What should expat entrepreneurs do when their business is no longer flourishing? The first thing that comes to mind is radical solutions: closing the business and returning to your country, considering a move to another country, or a career conversion (being employed, for example). But before adopting these extreme measures, we need to look at the causes of the downfall.

Understand the cause of the problem

Has business been slow for a long time, or has it suddenly dropped?

Have your business activities declined due to the pandemic?

Have you encountered difficulties due to a loan that cannot be repaid or funds that cannot be collected? Has there been a decrease in consumption? Are you facing a lack of customers?

Answering these questions is essential for defining the right strategies to implement. For example, a lack of customers may mean that you need to relaunch prospecting, develop new marketing and communication strategies, review your target area, or rebrand your product in relation to your target customers. 

Customers' needs in a particular city abroad will not necessarily suit the needs of others. The target area may have changed due to the pandemic, the energy crisis, the housing crisis, and so on. It may be a pricing issue. What are your competitors doing? How can you reposition yourself in the market to win back customers? These considerations, which are somewhat like a new business plan, will allow a more in-depth study of the company's situation in order to find appropriate solutions.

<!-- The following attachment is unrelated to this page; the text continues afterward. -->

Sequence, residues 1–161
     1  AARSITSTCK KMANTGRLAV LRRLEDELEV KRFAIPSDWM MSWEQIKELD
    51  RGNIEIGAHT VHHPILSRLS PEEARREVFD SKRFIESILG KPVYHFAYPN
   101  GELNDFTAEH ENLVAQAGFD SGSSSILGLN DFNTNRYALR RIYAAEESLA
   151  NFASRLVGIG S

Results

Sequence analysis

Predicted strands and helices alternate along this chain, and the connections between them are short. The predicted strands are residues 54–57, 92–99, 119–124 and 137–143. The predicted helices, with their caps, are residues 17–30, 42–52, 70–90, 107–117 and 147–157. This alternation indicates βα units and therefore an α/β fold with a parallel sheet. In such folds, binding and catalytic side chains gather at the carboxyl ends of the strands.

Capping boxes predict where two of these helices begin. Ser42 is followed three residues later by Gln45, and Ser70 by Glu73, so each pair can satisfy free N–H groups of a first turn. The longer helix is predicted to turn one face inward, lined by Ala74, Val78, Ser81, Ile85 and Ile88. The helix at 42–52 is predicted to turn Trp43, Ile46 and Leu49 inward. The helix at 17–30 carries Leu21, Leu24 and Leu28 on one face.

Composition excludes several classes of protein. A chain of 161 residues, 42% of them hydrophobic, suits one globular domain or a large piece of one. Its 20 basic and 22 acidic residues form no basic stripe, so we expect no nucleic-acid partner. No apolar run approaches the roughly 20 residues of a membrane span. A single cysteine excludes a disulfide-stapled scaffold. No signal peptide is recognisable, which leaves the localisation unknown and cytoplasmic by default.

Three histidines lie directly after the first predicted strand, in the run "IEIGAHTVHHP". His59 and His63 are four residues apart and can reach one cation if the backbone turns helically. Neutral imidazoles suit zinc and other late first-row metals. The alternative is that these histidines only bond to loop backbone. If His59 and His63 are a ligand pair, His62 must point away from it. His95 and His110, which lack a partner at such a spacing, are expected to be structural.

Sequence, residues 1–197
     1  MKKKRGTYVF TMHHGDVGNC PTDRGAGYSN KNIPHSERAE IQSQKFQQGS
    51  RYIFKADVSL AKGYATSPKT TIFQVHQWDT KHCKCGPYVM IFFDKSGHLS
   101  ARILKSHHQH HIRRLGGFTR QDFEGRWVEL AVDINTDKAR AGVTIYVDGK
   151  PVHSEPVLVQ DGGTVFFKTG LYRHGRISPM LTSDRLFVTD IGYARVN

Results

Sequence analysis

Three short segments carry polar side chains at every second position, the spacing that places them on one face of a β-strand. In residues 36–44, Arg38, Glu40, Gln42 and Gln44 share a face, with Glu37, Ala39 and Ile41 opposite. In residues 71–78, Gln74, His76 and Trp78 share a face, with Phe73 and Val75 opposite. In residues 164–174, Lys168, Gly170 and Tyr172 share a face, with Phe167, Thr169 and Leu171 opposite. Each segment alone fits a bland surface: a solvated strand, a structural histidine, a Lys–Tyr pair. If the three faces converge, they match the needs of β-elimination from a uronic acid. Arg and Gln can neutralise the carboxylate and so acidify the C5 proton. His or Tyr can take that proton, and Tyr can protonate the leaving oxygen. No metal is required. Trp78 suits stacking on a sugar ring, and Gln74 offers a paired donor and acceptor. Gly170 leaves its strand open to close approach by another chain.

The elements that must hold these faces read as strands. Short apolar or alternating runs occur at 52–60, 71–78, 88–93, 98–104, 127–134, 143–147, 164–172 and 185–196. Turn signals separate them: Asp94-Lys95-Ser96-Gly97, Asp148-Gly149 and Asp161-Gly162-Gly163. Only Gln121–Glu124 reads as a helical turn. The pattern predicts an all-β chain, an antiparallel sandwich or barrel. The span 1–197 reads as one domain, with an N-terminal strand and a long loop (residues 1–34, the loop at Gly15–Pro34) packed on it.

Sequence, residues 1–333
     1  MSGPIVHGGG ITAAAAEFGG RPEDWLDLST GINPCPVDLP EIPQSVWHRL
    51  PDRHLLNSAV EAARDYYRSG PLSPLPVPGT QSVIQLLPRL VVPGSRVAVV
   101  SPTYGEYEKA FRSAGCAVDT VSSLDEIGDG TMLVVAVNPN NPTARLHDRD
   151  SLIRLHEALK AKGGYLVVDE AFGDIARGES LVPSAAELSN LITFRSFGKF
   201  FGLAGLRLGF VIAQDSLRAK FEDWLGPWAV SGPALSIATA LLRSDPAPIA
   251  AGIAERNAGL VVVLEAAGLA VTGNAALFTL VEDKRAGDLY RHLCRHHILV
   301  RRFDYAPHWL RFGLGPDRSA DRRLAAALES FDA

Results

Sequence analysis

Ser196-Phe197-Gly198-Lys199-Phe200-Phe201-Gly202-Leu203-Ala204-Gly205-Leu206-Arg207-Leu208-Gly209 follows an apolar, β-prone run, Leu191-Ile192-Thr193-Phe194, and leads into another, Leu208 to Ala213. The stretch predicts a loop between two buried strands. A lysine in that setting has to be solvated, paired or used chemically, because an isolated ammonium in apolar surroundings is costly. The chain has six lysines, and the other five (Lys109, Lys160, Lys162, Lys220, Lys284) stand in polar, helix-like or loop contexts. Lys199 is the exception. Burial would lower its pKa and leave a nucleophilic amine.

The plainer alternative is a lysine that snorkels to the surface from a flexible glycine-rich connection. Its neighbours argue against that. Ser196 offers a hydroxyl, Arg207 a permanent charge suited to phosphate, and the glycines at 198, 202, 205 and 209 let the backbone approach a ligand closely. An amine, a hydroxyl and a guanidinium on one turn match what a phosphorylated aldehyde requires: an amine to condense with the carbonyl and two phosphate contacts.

Finding help

Similar analyses should be carried out depending on the problem(s) encountered by the expat entrepreneur. But self-evaluation can be challenging. In addition to the potential difficulties of being in a foreign country, expat entrepreneurs may also be facing a personal shock. For example, they may feel weakened by their situation in terms of finances (no longer being able to secure a salary), family, relationships, etc. If they are accompanied by their family, the company's situation also affects the other members of the household. It is, therefore, essential to seek help.

First of all, strictly from a business point of view, having professionals who understand the local market can help you better understand why your business isn't going well and find solutions. Enquire whether any financial aid scheme is available for expat entrepreneurs in difficulty. Governments made loans available to struggling businesses during the COVID-19 pandemic, but many of these grants are no longer available, and repayments are sometimes made very difficult because of the enduring hardships.

Consider all eventualities, including the possibility of receivership or bankruptcy. What does the host country's law say about setting up a business or ceasing operation? What can be done when a company is in debt? What is the company's legal status in such cases? Could personal assets be seized? Seeking help from a legal advisor will help establish the best plan for the company, depending on its status.

It is equally helpful to join groups of expat and non-expat entrepreneurs who can provide psychological support and valuable advice to cope with the situation.

When closure becomes the last resort

If it is impossible to turn the business around, you must dare to cease operation in order to start over. Again, the assistance of a local legal expert is recommended, as is their advice on how to bounce back. Closing a business abroad does not mean that you have failed. On the contrary, the experience gained from failure will make it easier to consider a new business or career venture overseas.